Microsoft has announced, that starting January 2012, they will slowly start updating the older version of Internet Explorer browser on Windows to whichever is the latest version the user’s computer supports. The update process will begin from Australia and Brazil and will slowly be taken to the rest of the world.
Microsoft obviously understands that having people stuck on archaic versions of IE, such as IE6 and IE7 harms not only the web browsing experience but also the web in general because the web developers then have to go through the trouble of coding for these older browsers that do not support the newer standards and features of today’s web.
However, if you think Microsoft will just automatically update your browser without asking you, then you are mistaken. The update will only be performed if you have automatic updating enabled in Windows Update. Also, you still have the choice of not upgrading, or rolling back to the previous version and if you ever declined an update in the past then your browser won’t be auto-updated. But if you do choose to update, all your settings and preferences will be retained and carried over to the new version.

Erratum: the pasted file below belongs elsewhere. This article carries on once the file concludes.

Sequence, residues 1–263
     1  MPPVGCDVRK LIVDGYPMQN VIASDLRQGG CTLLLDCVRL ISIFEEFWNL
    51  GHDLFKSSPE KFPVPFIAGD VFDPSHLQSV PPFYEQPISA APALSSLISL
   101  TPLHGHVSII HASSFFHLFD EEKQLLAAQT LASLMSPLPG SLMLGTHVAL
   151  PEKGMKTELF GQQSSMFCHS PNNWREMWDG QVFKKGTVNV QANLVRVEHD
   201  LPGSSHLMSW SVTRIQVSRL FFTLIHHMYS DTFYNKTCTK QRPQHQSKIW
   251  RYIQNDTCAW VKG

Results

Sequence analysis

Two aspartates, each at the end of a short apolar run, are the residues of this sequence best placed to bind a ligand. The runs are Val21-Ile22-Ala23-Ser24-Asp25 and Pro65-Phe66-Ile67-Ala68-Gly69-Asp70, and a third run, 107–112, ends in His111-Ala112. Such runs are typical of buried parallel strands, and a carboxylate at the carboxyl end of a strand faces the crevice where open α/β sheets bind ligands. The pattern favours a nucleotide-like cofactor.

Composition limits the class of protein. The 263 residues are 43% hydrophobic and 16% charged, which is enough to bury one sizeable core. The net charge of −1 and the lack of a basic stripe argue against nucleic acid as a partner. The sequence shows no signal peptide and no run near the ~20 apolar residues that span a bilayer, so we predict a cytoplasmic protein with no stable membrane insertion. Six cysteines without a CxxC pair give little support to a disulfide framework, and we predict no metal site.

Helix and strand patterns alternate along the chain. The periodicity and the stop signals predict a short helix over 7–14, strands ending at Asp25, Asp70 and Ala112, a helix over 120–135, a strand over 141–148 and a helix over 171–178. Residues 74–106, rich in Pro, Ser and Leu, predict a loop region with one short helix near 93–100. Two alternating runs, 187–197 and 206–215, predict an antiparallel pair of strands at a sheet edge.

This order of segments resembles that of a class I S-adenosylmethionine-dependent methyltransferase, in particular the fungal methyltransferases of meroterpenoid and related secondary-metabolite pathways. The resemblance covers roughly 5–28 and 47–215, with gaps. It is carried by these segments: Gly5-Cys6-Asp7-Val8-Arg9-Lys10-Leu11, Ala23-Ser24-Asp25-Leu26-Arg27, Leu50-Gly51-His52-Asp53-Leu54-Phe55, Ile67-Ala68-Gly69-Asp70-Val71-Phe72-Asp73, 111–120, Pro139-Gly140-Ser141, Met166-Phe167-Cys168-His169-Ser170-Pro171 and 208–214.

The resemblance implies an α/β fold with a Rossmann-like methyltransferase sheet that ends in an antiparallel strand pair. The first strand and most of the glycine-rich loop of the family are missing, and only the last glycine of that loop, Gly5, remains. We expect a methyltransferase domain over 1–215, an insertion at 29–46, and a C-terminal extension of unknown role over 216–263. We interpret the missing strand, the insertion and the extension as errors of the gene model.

Personally, I think Microsoft should have been stricter with the update program. Giving people an option means a lot of people will choose to opt out of the update program. Also, a lot of people keep auto-update disabled in Windows Update, so they won’t even know about this. I personally don’t see why anyone would want to stick to IE6 or IE7 and a forced update would have ensured these outdated browsers are taken care of once and for all. IE9 should be the only IE found on any version of Windows, except for XP, which only supports up to IE8.
Anyway, it’s good that Microsoft is doing something to get rid of the older browsers. With everyone running the latest browsers, it will ensure speedier development of technologies like HTML5 and less reliance on outdated stuff like the Flash Player.